Help me choose a Canon printer

kiki443

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Hello,

I am looking for a new printer with color ink, preferablly a MegaTank one (the one you can refill), with ADF (must have ADF).

Right now I have Canon Pixma G2415, it's a great printer, had no problems with it at all (except a small issue with air bubles forming in the ink tubes, but I fixed it), the problem is, it doesn't have ADF, which could be very usefull to me, as I have to do a lot of scanning.

So I am considering a new one, and I narrowed down the choice between Pixma G7000 and Maxify GX 7050. Maxify even has duplex ADF, wich is even better, but it's almost twice as expensive as Pixma. It also has a touch screen interface, now I don't care much about that, however it would be used in poor lighted room and it would be helpfull to have an illuminated screen, Pixma has dotted screen without illumination.

Now there is something else I need to know, Maxify uses all pigment ink, while Pixma uses black pigment and rest are dye (like my current printer), do I need to worry about clogs, pigment ink clogs much faster than dye?
I will be printing approx. 10-20 pages a month, and all are usually in the same day, and than the printer would be sitting there waiting most of the time (I know... a large investment for such a use case, but I need ADF, and these two are only ones available from canon in my Country, that have tanks for refilling)
Despite the situation my current printer never cloged not even the black pigment in two years that I have it, so it gives me hope that if I go for Maxify, I won't have such problems with it, but I am still worried, it costs 2 full sallaries for me, I don't want to be forced to replace the printheads after a few months.
Speaking of printheads, I can't find any information if they are even replaceable for Maxify, my current printer have printheads which can be easilly pulled out and cleaned manually, or put in a isoprophyl solution if they clog, and I think the Pixma G7000 has the same ability, but I am not sure if I can do that on Maxify, or are they screwed in or something?
(That is also a reason I didn't consider Epson - as it has a printhead that is fully integrated and can't be pulled out or replaced, at least not as simple as moving a lever and pulling it out), The maxify also has user-replaceable maintanance catridge, while Pixma has to be taken to repair for internal pads replacement, there is another reason for me to opt for Maxify.

Regarding clogs, I work in print shop - we do a lot of t-shirt printing and stuff, so we have a DTF printer, and a DTG printer, both are using pigment white, and it's a hell, it clogs up extremelly fast, every evening, I have to clean the capping stations, vipers and arround printheads, especially white, and put destillled watter into capping station before manually closing it, to prevent white from drying and clogging the print heads, it happened twice already within a year, forcing us to replace the printheads.
I just want to know if I will need to do the special treatment like that for Maxify printer as well?
 

Artur5

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Hello and welcome to the forum.

Answering your questions in no particular order....

1- DTG printers use a totally different stuff from the water based dye pigment inks used by regular inkjet printers. We’re comparing apples and oranges.

2- According to my experience with Canon printers, there’s no significant difference on dye vs pigment inks for what regards clog issues. More important is the quality of the product. OEM inks will give you little trouble, provided you take proper care of the printer. Third party ink is a different story. The cheaper products probably will shorten the lifespan of the printhead but, again, it isn’t a matter of dye vs pigment but of good vs. bad ink.

3- Concerning your choice of these two models, yes they’re very expensive, I checked Canon official shop and the GX7050 is priced at 700 euro.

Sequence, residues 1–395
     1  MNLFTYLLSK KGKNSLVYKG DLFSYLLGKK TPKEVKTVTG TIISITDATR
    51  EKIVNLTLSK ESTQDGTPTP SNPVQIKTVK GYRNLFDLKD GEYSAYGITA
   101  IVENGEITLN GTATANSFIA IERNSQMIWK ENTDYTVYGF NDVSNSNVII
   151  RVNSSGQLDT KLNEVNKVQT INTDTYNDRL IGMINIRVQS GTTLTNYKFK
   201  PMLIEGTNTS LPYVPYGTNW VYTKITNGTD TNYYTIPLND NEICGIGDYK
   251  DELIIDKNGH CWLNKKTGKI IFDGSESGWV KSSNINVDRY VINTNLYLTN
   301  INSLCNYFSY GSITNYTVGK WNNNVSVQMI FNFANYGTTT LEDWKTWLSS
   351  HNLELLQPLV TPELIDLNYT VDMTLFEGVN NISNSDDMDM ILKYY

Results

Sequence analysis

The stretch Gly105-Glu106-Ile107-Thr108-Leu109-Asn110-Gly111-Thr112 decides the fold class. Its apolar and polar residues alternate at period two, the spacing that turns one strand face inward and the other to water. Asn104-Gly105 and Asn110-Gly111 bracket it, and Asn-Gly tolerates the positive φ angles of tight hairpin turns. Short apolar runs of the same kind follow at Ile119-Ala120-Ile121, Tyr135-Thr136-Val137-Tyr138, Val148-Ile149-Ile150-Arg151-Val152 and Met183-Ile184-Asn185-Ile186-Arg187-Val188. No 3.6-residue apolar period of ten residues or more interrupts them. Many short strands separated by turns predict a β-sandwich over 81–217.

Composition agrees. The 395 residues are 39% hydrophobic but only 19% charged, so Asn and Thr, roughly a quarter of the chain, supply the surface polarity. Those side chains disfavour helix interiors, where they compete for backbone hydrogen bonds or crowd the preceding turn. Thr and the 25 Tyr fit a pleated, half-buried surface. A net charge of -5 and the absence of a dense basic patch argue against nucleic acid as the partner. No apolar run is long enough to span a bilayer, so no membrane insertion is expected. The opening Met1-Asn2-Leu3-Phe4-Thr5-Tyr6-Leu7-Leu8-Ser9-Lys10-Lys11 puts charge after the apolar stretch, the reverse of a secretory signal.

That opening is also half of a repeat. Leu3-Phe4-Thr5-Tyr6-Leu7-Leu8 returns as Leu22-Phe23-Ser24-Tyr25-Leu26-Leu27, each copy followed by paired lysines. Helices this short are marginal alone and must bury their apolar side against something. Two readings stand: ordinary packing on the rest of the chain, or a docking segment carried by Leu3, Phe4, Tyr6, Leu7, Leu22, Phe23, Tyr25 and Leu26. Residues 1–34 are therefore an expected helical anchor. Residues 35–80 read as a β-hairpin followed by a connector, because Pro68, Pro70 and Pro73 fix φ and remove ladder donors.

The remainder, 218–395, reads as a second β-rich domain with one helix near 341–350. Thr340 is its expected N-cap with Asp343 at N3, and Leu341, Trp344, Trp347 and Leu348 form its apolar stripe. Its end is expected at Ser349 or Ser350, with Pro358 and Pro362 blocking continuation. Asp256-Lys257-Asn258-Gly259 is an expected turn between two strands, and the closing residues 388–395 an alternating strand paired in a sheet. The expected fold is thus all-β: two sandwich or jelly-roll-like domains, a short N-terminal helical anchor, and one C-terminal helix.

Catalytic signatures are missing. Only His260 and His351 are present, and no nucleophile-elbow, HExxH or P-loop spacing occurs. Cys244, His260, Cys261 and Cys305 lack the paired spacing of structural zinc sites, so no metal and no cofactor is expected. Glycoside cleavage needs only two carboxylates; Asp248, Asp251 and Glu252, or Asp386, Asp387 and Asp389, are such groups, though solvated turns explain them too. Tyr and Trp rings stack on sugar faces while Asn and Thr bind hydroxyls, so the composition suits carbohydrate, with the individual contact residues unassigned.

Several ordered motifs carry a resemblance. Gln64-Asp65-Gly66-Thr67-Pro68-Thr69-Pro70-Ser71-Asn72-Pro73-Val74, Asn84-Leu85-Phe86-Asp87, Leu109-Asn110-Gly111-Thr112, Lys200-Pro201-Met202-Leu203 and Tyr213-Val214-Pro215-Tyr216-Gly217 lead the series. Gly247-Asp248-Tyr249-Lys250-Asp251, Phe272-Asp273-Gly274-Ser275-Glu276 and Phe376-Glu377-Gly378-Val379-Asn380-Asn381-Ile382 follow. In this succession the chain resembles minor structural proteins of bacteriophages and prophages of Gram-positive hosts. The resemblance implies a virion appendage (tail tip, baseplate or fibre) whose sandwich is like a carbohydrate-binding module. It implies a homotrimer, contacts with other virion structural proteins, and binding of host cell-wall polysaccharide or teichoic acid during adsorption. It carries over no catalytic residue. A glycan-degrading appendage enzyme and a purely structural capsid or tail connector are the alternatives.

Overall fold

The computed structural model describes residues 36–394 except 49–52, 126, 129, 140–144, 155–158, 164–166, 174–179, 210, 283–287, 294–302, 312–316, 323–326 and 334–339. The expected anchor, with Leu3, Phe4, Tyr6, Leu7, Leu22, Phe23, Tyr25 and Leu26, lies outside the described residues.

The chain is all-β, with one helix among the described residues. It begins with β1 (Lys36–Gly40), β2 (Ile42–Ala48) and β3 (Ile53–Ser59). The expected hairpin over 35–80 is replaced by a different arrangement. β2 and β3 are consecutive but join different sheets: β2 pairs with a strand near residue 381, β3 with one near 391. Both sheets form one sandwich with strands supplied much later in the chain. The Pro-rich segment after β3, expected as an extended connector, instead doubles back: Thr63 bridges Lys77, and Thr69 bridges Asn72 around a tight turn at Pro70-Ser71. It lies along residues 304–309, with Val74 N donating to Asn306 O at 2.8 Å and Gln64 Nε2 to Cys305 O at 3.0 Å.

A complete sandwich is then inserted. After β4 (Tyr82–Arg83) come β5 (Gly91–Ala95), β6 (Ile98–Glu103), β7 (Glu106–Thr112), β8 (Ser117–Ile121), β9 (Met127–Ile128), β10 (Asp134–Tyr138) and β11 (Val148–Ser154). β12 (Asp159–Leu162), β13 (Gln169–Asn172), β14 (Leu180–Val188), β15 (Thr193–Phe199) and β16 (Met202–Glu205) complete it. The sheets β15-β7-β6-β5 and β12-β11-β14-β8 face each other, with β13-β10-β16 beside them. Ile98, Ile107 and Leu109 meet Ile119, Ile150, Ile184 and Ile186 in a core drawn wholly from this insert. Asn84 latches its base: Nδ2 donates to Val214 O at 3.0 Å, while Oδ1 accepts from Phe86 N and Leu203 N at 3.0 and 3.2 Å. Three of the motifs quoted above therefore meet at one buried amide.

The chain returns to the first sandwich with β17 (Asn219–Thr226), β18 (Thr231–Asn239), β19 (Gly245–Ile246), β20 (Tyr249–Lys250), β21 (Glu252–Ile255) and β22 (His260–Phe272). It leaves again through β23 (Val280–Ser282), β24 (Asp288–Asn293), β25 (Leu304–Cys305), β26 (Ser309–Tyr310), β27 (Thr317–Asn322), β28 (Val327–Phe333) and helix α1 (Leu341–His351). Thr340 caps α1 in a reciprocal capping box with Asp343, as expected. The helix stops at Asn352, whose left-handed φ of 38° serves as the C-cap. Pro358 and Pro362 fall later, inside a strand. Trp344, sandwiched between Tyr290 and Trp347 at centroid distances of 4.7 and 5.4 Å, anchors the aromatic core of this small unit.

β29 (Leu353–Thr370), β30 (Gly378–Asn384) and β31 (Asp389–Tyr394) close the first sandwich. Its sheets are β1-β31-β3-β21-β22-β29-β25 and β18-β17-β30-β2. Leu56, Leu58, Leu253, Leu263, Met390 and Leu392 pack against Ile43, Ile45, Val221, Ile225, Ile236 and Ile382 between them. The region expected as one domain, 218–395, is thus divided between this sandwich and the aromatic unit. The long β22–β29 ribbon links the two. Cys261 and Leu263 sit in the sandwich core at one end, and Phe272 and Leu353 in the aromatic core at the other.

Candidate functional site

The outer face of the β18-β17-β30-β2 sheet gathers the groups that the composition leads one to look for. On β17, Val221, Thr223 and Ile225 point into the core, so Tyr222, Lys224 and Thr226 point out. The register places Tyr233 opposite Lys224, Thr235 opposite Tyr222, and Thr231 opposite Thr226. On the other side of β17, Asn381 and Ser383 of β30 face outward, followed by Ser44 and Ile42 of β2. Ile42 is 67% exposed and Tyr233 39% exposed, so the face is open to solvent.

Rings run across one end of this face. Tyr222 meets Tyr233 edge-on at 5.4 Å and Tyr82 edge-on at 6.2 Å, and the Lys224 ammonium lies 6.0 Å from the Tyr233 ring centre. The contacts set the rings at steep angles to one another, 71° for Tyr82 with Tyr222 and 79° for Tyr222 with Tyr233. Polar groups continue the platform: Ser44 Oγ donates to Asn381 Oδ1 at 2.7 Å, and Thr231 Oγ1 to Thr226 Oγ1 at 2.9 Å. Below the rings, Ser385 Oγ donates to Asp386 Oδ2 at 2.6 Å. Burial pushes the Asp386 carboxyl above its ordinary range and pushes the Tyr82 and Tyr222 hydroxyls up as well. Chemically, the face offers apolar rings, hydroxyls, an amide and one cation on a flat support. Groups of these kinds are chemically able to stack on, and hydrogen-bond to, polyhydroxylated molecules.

I wonder if you really need a tank printer, printing only 10-20 pages per month. Classic Maxify printers use cartridges instead of tanks and are considerably cheaper, For instance, the MB5150 has roughly the same specifications of the Maxify GX7050 and costs 200 euros.
The fact that cartridge based Maxifys haven’t a maintenance cart, it doesn’t matter in your case, because the waste ink pads will never get full, if you print 200 pages per year.
No need to worry about the cost of consumables either. The black cart contains 70ml of ink and that would last you forever, Color carts are smaller (20ml) but, at your printing rate, this is enough for maybe a couple of years.

4- Printheads for the classic Maxify range are available from reputable dealers. I don’t know about the Maxify tank models.
If you want to clean the printhead out of the machine, removing the printhead isn’t as straightforward as a Pixma, but it’s no rocket science either, Yes, you need to remove two screws and a plastic part, but once you have done it once it’s easy. Nevertheless, I wouldn’t advice to extract the printhead for cleaning. If regular or deep cleaning cycles can’t fix the issue, probably you won’t get better results with manual systems, Besides, you’re likely to run into issues later because Maxify printheads can be damaged easily if submerged in cleaning solution, unless they’re very, very thoroughly dried before reinserting them into the printer.
 

pharmacist

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I had to replace my duplex A3+ desktop office printer (Epson WF-7525) and was looking at the ecotank printers.....but for the price difference between the Epson ET-16600 and the similar WF-7840 wa a huge price difference of 3.5x times. Exactly the same specification but the difference is the built-in CISS in the ET-16600 for the price difference of about €600 I could buy plenty of ink and refillables and resetters or theoretically install a CISS to make it myself an ecotank avant la lettre and would still save 50%.

Just buy 2 sets of refillables and if possible a resetter for the carts and when one or more cartridges are registered as empty, remove them and install the other set. Meanwhile you have plenty of time to refill and reset the set of cartridges you have removed from the printer, while the second set is feeding the printer to print hundreds of pages of paper before you will have to swap the cartridges again.
 

kiki443

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I wonder if you really need a tank printer, printing only 10-20 pages per month. Classic Maxify printers use cartridges instead of tanks and are considerably cheaper, For instance, the MB5150 has roughly the same specifications of the Maxify GX7050